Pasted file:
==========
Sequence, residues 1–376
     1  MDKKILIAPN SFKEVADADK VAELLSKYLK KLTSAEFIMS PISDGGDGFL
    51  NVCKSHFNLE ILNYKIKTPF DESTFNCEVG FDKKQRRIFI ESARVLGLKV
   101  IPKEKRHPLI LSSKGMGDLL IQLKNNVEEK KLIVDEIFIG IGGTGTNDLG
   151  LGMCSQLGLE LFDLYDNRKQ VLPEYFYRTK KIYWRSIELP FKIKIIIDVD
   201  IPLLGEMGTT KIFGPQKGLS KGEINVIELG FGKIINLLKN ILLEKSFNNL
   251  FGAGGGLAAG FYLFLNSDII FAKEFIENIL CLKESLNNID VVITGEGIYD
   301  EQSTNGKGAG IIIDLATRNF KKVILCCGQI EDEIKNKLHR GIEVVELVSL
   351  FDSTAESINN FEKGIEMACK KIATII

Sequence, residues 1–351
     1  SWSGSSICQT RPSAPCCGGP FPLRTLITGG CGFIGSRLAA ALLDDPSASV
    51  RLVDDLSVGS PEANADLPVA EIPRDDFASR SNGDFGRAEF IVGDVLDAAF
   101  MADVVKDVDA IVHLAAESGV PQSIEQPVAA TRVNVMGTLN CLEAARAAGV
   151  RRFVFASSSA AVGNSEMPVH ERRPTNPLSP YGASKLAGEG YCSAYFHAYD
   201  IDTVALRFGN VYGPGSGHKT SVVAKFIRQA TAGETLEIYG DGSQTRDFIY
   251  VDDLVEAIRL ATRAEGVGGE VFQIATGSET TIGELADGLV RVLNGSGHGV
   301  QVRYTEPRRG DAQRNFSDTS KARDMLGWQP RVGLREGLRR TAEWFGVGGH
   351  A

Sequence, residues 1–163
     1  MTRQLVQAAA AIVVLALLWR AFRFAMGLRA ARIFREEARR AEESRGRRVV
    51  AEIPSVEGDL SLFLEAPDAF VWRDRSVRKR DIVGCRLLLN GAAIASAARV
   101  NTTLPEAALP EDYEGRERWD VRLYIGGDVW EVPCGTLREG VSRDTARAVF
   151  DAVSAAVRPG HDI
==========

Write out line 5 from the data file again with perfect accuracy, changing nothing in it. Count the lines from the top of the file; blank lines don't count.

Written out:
   151  LGMCSQLGLE LFDLYDNRKQ VLPEYFYRTK KIYWRSIELP FKIKIIIDVD